The Diffraction of Venture Capital
European Straights, 2020-07-15
MK: I love Nick Colin’s content from European Straights and if you can afford GBP 15/mo, please subscribe to his paid email list. Don’t want to be ungrateful to him.
Analogy: light waves get spread out as a result of passing through a narrow object.
The edge is the shift from financial capital into production capital.
Various Wave Forms
VC – no surprise here. Very good for software (increasing returns to scale). End game: the winner takes most. Room for one major player, intense competition. High Risk / High Reward.
Venture Debt – complement to equity financing [MK: I’ll need to write about it later]
Revenue-based Financing– get paid now instead of later. [MK: my old company used to do it in 2007-2009 and it was a serious source of extra revenue for us]
Private Equity – focusing on profitable companies
Hedge Funds – and many other forms of alternative financing.
Different approach to diversification: learn to earn less, but from difficult markets, attract different kind of investors, production capital and still money to be made.
Something About VCs
Upstream: need basic research funded by govt/large companies to make the tech robust and abundant. Risk: entering the market. Must not bear TWO risks: market + research.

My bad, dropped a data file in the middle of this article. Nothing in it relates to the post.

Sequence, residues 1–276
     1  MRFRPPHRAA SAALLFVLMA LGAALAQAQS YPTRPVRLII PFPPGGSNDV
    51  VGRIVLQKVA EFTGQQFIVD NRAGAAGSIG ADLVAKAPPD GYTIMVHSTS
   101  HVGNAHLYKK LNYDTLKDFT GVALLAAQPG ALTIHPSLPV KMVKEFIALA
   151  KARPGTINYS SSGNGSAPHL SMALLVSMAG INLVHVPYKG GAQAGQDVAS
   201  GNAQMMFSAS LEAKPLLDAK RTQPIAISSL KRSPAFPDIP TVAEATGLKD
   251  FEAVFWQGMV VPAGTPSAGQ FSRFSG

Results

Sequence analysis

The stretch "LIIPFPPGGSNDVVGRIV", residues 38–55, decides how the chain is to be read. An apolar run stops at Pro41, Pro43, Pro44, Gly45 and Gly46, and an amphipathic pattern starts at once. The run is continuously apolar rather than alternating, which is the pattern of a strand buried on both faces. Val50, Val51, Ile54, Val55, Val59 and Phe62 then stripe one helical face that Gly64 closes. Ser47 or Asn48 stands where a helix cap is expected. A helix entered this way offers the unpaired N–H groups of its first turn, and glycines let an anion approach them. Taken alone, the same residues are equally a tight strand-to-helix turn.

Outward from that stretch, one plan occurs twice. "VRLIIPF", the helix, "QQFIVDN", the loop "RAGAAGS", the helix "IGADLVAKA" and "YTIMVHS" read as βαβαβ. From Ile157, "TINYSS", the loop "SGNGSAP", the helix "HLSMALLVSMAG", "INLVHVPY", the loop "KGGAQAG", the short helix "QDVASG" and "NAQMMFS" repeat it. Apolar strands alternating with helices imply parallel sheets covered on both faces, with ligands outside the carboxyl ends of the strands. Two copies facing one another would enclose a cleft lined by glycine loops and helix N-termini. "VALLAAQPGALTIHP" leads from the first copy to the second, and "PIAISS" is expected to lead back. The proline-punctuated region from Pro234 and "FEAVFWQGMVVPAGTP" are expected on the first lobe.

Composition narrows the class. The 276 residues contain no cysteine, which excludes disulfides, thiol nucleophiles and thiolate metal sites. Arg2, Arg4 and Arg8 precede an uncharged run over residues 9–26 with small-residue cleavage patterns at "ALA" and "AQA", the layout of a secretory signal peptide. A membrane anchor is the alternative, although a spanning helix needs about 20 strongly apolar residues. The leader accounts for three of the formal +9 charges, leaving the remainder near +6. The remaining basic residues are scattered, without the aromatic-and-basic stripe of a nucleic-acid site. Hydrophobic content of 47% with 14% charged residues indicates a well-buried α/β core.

Downstream: liquidity, of course. IPO, trade sale, no one wants a dividend machine. [MK: the appetite for dividends may change since 2020 with the lack of exits]. IPOs since 2019 and COVID are not so attractive.
IPOs were the go-to paths to exit (if not – trade sale), not anymore, at least outside of the US. This is a huge inconvenience.
Since 2008 VC investment into software hasn’t been the dominant model.
o Software eating the world: companies are entering tangible industries [WeWork?] and regulated markets [fintech, healthcare].
o Scarcity of exits (see above): aim for profitability sooner [MK: we at Aviasales have been profitable since day one]. But yes, this means less capital and less sexy billion-dollar exits.
Both these trends mean lower scalability and lower returns for VCs. Look for other sources of funding?
How Will VCs Look Later On?
Traditional VCs are here to stay, provided they have a name.
Large multi-asset powerhouses. Different means of funding based on the needs of the firm and the types of firms.
There will be nothing in between, because why bother with anyone but a leader?
What’s in It for Europe?
Currently – still attempts to copy SV as of 10 years ago.
Software is eating the world © :) - firms are branching out to difficult industries. Lower return potential, require faster profitability. Not enough funding tools and opportunities to scale.
SV, nonetheless, is going towards the path of less scalability and more profitability. There’s enough room for everyone, but this new approach is what EU needs, but lacks.